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Doctrinal Series Studies


By B.H. Carroll, D.D., LL.D.


of the


- 1935 -


The first paragraph, 1-11, of this chapter is but an elaboration, or conclusion, of the line of argument in chapters 3 and 4. There are two leading thoughts in this paragraph: (1) GOD's method of induction into the grace of salvation. (2) The happy estate of the justified.


This method is expressed thus: "Therefore being justified by faith . . . though our Lord Jesus Christ; By whom also we have access by faith into this grace wherein we stand." A vital question is here answered -- "How do we get into CHRIST, in whom are all the blessings of salvation, each in its order?" The corresponding doctrine to our getting into CHRIST is getting CHRIST into us to complete the union with Him as expressed by Himself: "I in you . . . ye abide in me" (John 15:4). The names of these two doctrines are --

(1)  Justification through faith, or we into CHRIST

(2)  Regeneration through faith, or CHRIST in us.

Elsewhere the doctrine of "Christ in us" through regeneration is presented thus: "Forasmuch as ye are manifestly declared to be the Epistle of Christ ministered by us, written not with ink, but with the Spirit of the living God: not in tables of stone, but in fleshy tables of the heart" (II Corinthians 3:3). "For God, who commanded the light to shine out of darkness, hath shined in our hearts, to give the light of the knowledge of the glory of God in the face of Jesus Christ" (II Corinthians 4:6). "To whom God would make known what is the riches of the glory of this mystery among the Gentiles; which is Christ in you, the hope of glory" (Colossians 1:27).

The proof that the method of this induction is also by faith is given by CHRIST. When Nicodemus asked as to the method of regeneration, CHRIST answered, "And as Moses lifted up the serpent in the wilderness, even so must the Son of man be lifted up: That whosoever believeth in him should not perish, but have eternal life" (John 3:14-15). "Whosoever believeth that Jesus is the Christ is born of God: and every one that loveth him that begat loveth him also that is begotten of him" (I John 5:1).

"But as many as received him, to them gave he power to become the sons of God, even to them that believe on his name: Which were born, not of blood, nor of the will of the flesh, nor of the will of man, but of God" (John 1:12-13). "For ye are all the children of God by faith in Christ Jesus" (Gal. 3:26).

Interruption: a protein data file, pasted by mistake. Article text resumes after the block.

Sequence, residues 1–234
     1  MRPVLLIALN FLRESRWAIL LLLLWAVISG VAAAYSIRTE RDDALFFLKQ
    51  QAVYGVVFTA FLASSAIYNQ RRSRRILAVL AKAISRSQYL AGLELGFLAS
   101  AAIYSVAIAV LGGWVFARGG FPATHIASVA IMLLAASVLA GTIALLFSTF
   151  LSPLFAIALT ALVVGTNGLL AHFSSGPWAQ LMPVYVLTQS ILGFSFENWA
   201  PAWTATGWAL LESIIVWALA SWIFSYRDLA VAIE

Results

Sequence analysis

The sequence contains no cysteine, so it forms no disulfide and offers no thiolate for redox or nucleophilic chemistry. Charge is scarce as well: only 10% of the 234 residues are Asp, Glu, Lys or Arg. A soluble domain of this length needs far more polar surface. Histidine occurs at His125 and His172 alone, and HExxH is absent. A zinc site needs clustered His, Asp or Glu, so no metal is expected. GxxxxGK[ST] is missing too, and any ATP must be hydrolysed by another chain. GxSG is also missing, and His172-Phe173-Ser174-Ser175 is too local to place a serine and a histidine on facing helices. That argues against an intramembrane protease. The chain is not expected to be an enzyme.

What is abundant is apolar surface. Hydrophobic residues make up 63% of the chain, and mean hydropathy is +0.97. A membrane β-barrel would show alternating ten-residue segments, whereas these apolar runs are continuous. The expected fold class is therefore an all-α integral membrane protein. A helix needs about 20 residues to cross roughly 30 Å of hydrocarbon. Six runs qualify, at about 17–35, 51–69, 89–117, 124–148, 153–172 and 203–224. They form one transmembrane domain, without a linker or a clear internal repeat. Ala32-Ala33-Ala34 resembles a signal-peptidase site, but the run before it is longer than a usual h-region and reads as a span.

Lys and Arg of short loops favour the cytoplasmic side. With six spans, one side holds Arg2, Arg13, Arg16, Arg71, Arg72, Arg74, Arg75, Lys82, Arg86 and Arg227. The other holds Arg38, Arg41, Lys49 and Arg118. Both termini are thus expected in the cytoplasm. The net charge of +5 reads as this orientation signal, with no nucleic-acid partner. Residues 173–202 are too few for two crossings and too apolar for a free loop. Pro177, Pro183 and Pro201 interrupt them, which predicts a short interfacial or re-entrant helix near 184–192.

1.  The justified truly have peace legally in GOD's eyes as soon as they are justified. So one may be justified in fact sometime before he realizes the peace to which justification entitles, as the experience of many Christians shows. It is GOD's purpose that we should realize it, and the sooner the better. To affirm that our subjective perception of an external act is necessarily simultaneous with the act is to limit the existence of things to our knowledge of things. So we may express the understanding of the text by saying that it is both an affirmation: "We have peace"; that is, justification now entitles to peace, but we need to lay hold of it. The fallacy of the affirmation consists of confounding justification, which is GOD's act, with subjective peace, which is our experience. Objective peace, legal peace, necessarily accompanies justification, but it may not be subjective. The battle of New Orleans was fought after the treaty of peace was signed, because Sir Edward Packenham and General Jackson did not know a treaty of peace had been agreed upon.

2.  I will name in order all the elements of the happy estate of the justified:

(1)  Peace with GOD.

(2)  Joy in hope of the glory of GOD

(3)  Joy in tribulation, because of the fruits which follow.

(4)  The gift of the HOLY SPIRIT

(5)  The love of GOD shed abroad in our hearts, by that given SPIRIT

(6)  The assurance that the justified shall be saved from the wrath to come, because:

(a)   If reconciled, when enemies, much more will He continue salvation to friends.

(b)  If reconciled through His death, much more will He alive deliver us from future wrath.

(7) Joy in GOD the Father, through whose Son we receive the reconciliation.


By a new line of argument the Apostle conveys assurance of salvation to the justified.